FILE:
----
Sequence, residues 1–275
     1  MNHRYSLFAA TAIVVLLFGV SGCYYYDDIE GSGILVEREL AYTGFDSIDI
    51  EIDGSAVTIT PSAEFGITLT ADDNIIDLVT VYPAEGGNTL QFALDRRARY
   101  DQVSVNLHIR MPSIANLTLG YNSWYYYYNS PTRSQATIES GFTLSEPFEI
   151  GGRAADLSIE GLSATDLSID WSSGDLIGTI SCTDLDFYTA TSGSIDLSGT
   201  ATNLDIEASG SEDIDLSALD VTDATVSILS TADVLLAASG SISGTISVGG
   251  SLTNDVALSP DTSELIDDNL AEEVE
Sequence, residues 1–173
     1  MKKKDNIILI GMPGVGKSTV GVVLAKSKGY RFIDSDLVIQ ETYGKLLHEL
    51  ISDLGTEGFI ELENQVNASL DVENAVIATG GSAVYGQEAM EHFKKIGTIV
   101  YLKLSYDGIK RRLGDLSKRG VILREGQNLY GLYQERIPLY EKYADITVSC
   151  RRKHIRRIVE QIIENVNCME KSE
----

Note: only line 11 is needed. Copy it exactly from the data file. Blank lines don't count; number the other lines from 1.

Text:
   101  YLKLSYDGIK RRLGDLSKRG VILREGQNLY GLYQERIPLY EKYADITVSC